Question of the Week: October 14, 2021

This is how most loropetalums in the northern half of the state looked by mid-March this year – if they looked this good.

“My loropetalums took a real beating last February. Should I replant with more of them?”

Hardly a week or weekend (of radio programs) goes by without my being asked some variation of this question. Loropetalums (Chinese fringeflowers) are stunning plants, and people want to grow them.

Here’s how loropetalums should look. You can see why they create such a stir.
And the fact that they flower toward the end of the winter just adds more excitement.

Continued Below

So here’s what I say…

If someone is calling or writing from East Texas, I encourage their use because that’s where loropetalums are best adapted. They love the higher humidity and acidic soils. Remember that they do well where azaleas do well. If you live in that area, and if your plants did well for you prior to the extreme cold, replant with more.

New growth of loropetalum shoot catches the sun in early spring.

If they’re calling or writing from DFW or along the I-35 corridor, I usually try to discourage folks from planting big numbers of loropetalums unless they’re willing to do the extensive and expensive bed preparation before planting. That’s where I live and garden, and I’ve had very poor luck using these plants in my own landscape. I plant them in the same kind of peat/pine bark mulch organic planting medium I use for azaleas. They thrive for a few years, but even then they develop serious problems with iron deficiency. It seems to me that they’re even worse about it than azaleas. I try to steer people to other plants – perhaps nandinas, hollies, boxwood or dwarf abelias – plants that won’t be as fussy. And I certainly wouldn’t replant with more loropetalums, at least not more than one or a handful. But that’s just one guy’s personal opinion.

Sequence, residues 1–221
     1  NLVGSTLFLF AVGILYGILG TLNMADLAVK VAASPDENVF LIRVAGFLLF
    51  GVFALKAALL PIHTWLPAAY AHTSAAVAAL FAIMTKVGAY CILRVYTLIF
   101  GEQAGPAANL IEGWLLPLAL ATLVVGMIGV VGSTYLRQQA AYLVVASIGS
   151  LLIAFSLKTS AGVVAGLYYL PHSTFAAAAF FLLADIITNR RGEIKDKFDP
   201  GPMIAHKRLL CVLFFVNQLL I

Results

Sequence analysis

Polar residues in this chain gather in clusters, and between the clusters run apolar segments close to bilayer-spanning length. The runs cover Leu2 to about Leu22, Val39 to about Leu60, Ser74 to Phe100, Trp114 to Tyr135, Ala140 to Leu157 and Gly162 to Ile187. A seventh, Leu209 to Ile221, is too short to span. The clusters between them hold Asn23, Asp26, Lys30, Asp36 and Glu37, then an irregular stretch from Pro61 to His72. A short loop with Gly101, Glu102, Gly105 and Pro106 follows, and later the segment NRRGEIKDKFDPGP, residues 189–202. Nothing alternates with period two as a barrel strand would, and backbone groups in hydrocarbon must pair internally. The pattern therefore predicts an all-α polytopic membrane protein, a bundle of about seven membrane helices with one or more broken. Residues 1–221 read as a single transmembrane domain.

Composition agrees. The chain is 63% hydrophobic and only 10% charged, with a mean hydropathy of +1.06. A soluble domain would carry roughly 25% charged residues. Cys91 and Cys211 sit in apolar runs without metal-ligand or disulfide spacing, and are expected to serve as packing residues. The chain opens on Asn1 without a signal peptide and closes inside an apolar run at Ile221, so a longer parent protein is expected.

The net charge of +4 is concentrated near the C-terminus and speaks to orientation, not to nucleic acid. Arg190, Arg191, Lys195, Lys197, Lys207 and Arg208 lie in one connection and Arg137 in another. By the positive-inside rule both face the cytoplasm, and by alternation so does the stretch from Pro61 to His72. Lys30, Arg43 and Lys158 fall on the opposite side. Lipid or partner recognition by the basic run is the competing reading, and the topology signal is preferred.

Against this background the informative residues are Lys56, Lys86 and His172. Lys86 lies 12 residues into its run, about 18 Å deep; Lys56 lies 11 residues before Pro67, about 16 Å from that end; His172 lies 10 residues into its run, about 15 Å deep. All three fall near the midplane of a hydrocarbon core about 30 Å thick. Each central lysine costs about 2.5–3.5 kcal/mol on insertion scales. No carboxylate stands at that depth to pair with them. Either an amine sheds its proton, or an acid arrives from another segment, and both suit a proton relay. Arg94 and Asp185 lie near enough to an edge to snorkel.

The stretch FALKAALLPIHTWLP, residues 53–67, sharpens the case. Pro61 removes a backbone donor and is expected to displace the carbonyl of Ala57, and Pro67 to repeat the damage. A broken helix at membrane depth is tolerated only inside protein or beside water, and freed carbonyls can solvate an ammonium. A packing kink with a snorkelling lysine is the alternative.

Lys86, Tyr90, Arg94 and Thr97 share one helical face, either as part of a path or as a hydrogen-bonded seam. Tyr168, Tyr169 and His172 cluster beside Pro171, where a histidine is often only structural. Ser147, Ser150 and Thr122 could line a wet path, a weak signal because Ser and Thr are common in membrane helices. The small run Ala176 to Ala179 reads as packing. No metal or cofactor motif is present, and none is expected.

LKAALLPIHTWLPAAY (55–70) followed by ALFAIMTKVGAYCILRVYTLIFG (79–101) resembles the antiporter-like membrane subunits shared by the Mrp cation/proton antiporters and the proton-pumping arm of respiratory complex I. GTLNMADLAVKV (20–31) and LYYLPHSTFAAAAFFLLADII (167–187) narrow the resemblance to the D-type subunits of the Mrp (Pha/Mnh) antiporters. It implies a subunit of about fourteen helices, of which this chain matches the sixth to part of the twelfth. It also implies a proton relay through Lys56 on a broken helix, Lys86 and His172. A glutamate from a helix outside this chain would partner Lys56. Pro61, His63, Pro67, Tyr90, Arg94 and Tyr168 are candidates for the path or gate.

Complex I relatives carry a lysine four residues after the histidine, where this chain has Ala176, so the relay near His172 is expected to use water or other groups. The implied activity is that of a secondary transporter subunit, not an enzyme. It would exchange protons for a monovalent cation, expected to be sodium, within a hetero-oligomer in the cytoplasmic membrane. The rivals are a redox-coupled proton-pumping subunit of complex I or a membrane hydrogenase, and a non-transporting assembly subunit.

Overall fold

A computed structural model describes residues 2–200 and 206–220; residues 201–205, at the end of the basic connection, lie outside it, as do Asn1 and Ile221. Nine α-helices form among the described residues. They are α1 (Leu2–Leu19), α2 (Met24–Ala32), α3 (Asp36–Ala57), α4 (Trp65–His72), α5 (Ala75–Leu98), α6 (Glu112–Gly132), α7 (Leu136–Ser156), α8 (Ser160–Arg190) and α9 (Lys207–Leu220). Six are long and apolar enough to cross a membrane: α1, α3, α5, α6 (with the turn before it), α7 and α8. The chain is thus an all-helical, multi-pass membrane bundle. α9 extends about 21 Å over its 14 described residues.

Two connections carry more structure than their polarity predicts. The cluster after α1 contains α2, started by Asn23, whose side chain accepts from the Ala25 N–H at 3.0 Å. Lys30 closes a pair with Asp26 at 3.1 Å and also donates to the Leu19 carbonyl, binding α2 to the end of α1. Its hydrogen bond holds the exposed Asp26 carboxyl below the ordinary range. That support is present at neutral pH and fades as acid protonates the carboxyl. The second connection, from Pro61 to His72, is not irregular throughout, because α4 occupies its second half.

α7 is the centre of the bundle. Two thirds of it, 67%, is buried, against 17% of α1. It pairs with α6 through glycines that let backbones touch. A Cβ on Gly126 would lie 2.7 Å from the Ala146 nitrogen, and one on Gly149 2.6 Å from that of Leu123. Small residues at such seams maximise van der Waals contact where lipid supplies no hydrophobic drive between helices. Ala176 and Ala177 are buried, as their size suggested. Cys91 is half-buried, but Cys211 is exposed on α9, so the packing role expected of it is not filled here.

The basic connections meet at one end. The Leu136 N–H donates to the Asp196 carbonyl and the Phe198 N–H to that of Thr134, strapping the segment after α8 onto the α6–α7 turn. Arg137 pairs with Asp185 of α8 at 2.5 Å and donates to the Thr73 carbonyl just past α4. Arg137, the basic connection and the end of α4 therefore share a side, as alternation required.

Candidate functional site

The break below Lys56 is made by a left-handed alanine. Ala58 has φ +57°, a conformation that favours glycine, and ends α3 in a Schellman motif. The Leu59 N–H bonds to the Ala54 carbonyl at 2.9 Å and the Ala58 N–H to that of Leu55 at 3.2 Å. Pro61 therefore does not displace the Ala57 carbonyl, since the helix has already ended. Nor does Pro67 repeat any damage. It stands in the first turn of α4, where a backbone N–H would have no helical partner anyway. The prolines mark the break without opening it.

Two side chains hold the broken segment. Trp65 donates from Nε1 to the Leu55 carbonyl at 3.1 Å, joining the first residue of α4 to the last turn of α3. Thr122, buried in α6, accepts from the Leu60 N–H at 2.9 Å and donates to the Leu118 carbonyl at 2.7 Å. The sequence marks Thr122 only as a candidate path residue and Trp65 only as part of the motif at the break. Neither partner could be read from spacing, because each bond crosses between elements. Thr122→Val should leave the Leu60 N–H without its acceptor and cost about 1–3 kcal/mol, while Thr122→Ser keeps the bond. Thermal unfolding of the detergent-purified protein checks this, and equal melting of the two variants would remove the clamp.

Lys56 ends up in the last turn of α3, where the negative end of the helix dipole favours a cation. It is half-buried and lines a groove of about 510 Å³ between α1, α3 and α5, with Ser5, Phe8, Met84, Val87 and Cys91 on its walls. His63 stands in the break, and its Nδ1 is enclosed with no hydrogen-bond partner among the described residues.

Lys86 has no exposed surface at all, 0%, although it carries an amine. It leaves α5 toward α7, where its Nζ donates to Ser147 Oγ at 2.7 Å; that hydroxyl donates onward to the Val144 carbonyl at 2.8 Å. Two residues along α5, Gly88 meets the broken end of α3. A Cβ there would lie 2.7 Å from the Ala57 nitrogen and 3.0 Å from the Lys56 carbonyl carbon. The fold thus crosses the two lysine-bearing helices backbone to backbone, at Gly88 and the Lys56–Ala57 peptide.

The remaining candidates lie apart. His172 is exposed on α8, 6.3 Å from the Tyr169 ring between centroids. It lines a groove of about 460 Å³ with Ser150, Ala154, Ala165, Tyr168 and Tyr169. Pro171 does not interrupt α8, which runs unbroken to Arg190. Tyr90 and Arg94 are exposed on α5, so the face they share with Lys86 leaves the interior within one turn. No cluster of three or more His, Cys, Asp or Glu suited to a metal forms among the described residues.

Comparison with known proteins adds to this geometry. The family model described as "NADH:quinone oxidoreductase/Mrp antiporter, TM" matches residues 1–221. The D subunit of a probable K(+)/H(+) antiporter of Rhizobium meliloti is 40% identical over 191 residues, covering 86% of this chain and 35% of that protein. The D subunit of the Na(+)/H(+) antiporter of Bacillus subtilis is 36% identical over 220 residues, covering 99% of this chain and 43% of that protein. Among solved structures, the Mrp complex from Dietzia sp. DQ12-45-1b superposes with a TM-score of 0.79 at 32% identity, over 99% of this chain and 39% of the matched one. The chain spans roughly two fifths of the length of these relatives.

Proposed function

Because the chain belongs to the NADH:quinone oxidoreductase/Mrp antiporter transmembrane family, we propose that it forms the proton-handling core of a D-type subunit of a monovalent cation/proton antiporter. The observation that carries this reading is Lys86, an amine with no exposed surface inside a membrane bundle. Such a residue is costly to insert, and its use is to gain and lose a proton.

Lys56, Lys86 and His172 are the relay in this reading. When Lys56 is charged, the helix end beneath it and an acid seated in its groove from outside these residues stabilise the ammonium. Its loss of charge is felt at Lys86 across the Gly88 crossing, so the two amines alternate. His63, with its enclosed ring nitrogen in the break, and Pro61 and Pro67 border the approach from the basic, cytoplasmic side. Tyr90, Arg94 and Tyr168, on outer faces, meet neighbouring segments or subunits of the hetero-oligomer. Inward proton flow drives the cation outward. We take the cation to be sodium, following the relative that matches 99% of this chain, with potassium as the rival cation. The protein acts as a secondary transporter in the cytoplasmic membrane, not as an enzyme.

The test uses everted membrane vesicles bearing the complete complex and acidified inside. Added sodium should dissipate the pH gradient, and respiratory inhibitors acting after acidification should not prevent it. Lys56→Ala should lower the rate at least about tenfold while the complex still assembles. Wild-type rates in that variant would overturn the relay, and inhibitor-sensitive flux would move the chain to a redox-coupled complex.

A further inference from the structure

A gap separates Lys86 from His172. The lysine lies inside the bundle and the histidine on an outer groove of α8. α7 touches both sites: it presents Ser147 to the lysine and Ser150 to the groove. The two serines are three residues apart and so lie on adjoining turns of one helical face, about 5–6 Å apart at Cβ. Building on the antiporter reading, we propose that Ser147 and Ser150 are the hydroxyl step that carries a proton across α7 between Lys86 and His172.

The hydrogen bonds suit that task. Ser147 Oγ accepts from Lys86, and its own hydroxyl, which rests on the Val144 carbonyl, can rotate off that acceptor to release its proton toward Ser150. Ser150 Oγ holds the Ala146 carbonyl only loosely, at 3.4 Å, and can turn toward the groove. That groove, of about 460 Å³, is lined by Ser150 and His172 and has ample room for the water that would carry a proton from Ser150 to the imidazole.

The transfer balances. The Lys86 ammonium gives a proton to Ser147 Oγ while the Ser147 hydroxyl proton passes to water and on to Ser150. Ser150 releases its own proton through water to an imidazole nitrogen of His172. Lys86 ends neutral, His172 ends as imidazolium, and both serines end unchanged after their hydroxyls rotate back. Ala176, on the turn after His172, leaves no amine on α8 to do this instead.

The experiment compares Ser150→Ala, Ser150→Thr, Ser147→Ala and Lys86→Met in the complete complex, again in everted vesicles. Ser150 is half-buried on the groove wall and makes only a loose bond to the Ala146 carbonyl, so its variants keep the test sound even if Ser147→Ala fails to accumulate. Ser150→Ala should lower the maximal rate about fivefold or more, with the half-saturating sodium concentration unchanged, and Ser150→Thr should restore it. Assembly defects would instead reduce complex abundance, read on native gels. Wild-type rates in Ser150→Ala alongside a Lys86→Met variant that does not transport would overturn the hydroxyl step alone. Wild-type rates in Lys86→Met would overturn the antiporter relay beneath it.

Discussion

This is how my own loropetalums have usually looked after a few years. This is because they’re not able to pull in enough iron due to our alkaline soils. Adding iron is only a short-term solution. Eventually they must be replaced – probably with some other species. Especially following extreme damage from cold.

And, for readers and listeners who are still farther west or north in the state, loropetalums aren’t your best options. Talk to your local Texas Certified Nursery Professional – someone who is intimately familiar with conditions in your town. Just because a plant is winter-hardy in your locale does not ensure that it is well suited to your landscape. Other factors enter into the picture.

Posted by Neil Sperry
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